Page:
Design Duos: OrtaMiklos
Disrupters, performers and makers.
ORTAMIKLOS CAME INTO being in 2015. Leo Orta, from France, and Victor Miklos Andersen, from Denmark – both born in 1993, both to artist parents – had met in their first year at the Design Academy Eindhoven and instantly recognised in each other a similar anarchic spirit. Having joined forces they started developing a practice based as much in performance, as traditional design. Their creations are rooted in the history of sculpture and the decorative arts, but emerge in a chaos of concrete casting, electrical cabling and aggressively carved polystyrene. Colour, graffiti, animation and collaboration place their compelling objects within elusive narratives, expressive of their shared sense of being in the world. Their first exhibitions were uninvited interventions in established fairs. Since then, first Functional Art Gallery in Berlin and now Friedman Benda in New York have given them a global platform. The Design Edit asks them about their collaboration: Why did it begin? How does it work?
The Design Edit (TDE): How did you meet?
OrtaMiklos (OM): OrtaMiklos (OM): (Leo) We were together in the first year of our degree, working on group projects. (Victor) To be honest, I think we mostly met at parties … the impact of the pandemic on students is highly underrated. Then we went on holiday together with both our girlfriends to Berlin. And we had so many ideas over that long summer.
TDE: What drew you to work together?
OM: (Victor) The main thing was we both wanted to do something different, we were both tired with the old way of doing things. (Leo) We were both in very socially engaged departments at Eindhoven, where the object is not the focus of interest. It was not ours either. So, in the second year, we decided to merge a couple of techniques – weaving electrical cables … (Victor) and pouring concrete. We mixed up the two techniques and started a new dialogue – very intuitive, very unexpected. The first series of things we made together was a purely physical, 3D experiment. (Leo) At the end of the second year, however, we decided we wanted to do a guerrilla performance for Eindhoven Design Week. We wanted to reach out to that important audience of 30,000 people. (Victor) We wanted to break up the idea that you had to be professional. We wanted to invade other people’s spaces and express our ideas. (Leo) So we found a tiny studio and we would meet with some friends and draw ideas every evening and weekend. We invented three characters who could hide their gender, age and personality in a bodysuit, leaving us free to speak about concepts. And we then created three objects all dealing with identity: a big portable screen which allowed you to look through the person carrying it, suggesting how you become transparent through social media; a giant cube covered in recycled clothes, and then a transparent backpack filled with cow parts. (Victor) The bodies were the pedestal for the objects.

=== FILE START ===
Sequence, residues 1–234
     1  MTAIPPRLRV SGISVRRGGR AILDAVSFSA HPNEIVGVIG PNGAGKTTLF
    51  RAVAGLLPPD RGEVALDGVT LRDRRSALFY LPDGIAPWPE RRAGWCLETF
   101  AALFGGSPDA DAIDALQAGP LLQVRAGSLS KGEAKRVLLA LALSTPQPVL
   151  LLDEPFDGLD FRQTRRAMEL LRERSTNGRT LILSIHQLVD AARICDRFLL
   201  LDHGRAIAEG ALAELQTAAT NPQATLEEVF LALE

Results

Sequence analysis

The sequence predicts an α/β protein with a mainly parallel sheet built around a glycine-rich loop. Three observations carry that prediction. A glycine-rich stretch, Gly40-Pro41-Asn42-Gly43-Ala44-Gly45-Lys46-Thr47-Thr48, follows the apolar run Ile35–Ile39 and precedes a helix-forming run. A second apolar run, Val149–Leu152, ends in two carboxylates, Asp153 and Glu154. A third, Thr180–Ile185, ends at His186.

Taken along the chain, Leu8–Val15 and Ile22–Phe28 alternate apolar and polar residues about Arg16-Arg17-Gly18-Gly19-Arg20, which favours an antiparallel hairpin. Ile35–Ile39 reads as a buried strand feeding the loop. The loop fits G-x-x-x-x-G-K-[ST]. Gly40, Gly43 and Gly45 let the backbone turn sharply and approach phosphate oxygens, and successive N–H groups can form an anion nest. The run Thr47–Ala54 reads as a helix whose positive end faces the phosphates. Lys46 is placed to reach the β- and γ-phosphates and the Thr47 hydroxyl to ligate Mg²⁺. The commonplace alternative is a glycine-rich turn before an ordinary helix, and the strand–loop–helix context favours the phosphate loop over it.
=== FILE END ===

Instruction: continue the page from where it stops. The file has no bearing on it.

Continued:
TDE: How has your combined creative output developed?